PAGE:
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Shared Parental Leave (SPL) and Shared Parental Pay (ShPP) gives eligible parents the opportunity to share leave and pay during the child's first year. It is available in Scotland, Wales and England.
Employed mothers will continue to be entitled to 52 weeks of maternity leave and 39 weeks of Statutory Maternity Pay (SMP) or Maternity Allowance (MA). Paid Statutory Paternity Leave of two weeks will continue to be available to a father and a mother’s/adopter’s partner.
However, an eligible mother can give notice to end her maternity leave and, with her partner or the child’s father, opt for ShPL. If they both meet the qualifying requirements, they will need to decide how they want to divide their ShPL and ShPP entitlement.
To be entitled to ShPL and ShPP both the mother/ adopter and the father/partner need to meet specific eligibility criteria.
To check if you are eligible, you can use the leave and pay calculator on gov.uk.Back to contents
The amount of ShPL and ShPP available will depend on how much maternity leave and pay the mother/ adopter has already taken by the time they give notice to end their maternity leave.
Generally, there is a ‘pot’ of 52 weeks leave and 39 weeks statutory pay available, so the number of weeks of maternity leave and statutory maternity pay taken by the mother is deducted from this total to calculate the remainder that can be shared. As a mother is obliged to take at least two weeks maternity leave and pay, the maximum amount of ShPL that can be available is 50 weeks and the maximum amount of ShPP available is 37 weeks.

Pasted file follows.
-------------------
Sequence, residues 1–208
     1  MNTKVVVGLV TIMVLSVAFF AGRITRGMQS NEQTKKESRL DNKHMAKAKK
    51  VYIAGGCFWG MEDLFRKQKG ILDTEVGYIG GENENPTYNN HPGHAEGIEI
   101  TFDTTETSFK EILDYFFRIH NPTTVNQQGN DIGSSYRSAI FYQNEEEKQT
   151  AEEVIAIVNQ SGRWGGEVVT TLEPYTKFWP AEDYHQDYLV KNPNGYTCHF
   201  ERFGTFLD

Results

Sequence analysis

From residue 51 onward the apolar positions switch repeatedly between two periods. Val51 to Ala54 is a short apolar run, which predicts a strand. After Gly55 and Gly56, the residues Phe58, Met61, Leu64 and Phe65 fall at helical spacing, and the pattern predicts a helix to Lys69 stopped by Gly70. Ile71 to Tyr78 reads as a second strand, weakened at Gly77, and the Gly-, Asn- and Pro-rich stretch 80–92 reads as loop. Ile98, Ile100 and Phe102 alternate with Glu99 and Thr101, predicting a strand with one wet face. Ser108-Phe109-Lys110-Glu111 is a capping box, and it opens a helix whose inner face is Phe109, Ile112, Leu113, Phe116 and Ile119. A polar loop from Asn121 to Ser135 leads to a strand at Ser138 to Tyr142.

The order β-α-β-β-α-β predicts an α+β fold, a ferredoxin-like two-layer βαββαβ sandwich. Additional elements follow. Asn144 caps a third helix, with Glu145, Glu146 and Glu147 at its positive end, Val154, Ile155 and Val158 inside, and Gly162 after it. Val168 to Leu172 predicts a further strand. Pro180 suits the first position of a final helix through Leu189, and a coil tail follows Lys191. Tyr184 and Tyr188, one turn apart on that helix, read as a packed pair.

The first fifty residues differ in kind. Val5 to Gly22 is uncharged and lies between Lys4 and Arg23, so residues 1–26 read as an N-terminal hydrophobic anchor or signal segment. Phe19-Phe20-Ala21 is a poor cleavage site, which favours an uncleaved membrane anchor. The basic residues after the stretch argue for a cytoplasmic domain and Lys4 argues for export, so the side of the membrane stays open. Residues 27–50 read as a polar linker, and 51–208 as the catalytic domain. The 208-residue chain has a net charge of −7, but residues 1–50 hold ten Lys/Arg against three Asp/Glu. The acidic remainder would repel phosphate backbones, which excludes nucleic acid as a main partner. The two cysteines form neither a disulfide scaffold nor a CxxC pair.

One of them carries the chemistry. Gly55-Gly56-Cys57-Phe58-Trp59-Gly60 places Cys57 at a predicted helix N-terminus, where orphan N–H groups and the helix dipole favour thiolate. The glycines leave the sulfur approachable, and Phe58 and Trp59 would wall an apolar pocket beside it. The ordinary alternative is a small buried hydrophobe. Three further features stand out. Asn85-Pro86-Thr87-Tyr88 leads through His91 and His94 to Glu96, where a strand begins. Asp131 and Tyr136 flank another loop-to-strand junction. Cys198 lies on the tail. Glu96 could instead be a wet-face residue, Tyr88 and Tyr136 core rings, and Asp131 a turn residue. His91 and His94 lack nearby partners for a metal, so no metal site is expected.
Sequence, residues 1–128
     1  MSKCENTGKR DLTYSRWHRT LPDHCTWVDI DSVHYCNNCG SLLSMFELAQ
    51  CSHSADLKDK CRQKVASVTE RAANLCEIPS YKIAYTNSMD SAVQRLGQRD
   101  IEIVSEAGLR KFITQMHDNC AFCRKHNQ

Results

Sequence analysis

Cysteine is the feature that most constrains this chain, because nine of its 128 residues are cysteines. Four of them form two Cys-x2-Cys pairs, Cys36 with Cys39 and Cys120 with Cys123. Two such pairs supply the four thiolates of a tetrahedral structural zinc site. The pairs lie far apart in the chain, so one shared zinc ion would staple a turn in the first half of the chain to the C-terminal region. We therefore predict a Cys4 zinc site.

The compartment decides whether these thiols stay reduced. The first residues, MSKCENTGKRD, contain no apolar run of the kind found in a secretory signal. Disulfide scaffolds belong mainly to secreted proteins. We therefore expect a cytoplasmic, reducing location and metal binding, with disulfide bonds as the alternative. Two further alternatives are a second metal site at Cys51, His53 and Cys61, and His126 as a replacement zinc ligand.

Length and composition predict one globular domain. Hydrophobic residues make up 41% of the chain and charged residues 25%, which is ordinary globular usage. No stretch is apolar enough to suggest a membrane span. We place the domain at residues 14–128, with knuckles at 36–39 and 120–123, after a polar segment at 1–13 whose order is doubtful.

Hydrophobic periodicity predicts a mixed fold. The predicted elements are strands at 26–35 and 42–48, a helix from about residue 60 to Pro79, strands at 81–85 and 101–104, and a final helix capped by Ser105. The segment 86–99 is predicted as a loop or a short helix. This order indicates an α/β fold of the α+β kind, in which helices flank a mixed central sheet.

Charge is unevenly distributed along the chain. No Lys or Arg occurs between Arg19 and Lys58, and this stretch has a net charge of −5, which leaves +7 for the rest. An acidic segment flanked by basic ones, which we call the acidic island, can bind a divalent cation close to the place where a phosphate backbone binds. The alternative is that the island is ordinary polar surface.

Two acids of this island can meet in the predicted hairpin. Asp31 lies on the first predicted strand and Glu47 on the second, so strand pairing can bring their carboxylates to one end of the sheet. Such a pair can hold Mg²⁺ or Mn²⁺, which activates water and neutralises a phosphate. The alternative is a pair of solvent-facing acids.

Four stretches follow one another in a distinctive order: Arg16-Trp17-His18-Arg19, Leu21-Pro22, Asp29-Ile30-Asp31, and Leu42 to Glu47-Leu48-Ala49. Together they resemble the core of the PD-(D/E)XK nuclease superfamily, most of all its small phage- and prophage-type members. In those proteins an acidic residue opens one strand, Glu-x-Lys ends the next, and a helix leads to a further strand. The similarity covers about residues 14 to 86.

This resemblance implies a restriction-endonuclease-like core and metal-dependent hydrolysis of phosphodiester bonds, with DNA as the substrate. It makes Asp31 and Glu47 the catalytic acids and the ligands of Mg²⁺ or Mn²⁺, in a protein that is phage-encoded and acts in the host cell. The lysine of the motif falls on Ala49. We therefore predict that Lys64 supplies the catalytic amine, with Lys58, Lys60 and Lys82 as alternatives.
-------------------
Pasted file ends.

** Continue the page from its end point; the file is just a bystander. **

You and your partner may wish to alternate your pattern of leave and pay, so one of you ‘swaps on’ to ShPL/ShPP while the other ‘swaps off’ and returns to work. You can also share your leave and pay so you take it at the same time. For example, you could take 20 weeks, then return to work so your partner takes the remaining 20 weeks. Alternatively, both you and your partner could take 20 weeks at the same time.
This is important as ShPL provisions also let you suggest a flexible pattern of leave to your employer.
You have the right to request ShPL in up to three separate blocks but your employer can agree to more. They can also let you split each block into several shorter periods of work and leave. Generally, you will need to give eight weeks’ notice of your intention to take shared parental leave and pay, but always check your employer's policies.Back to contents
Your employer’s policies will outline exactly what you need to do to book ShPL, and when. Arranging ShPL and ShPP can be complex so it's important you consult your employer’s maternity and paternity policies without delay.
Some organisations, such as the NHS, offer enhanced maternity rights giving mothers maternity pay above the statutory minimum (for example 26 weeks’ full pay). Organisations may ‘mirror’ their maternity enhancements in any ShPL policy allowing the father/partner to receive more than the statutory amount of pay, but there is no statutory requirement for them to do so.
It's therefore very important to check your and your partner’s employer’s policies to be sure of your respective entitlements to ShPP.
If you work in the NHS, NHS employers gives information on Shared parental leave.
ACAS also gives a general overview on ShPL and ShPP.Back to contents
Each parent will have an individual entitlement to 20 shared parental leave in touch (SPLIT) days. This is in addition to 10 KIT days.
The arrangements are very similar for Keep in Touch (KIT) days. SPLIT days enable parents to work up to 20 days without formally bringing their ShPL/ShPP to an end.
The amount that you would be paid for a SPLIT day would be agreed with your employer before you undertake the work.
Check your employer's policy on ShPL.
Maternity Action also has some useful FAQs on SPLIT days.Back to contents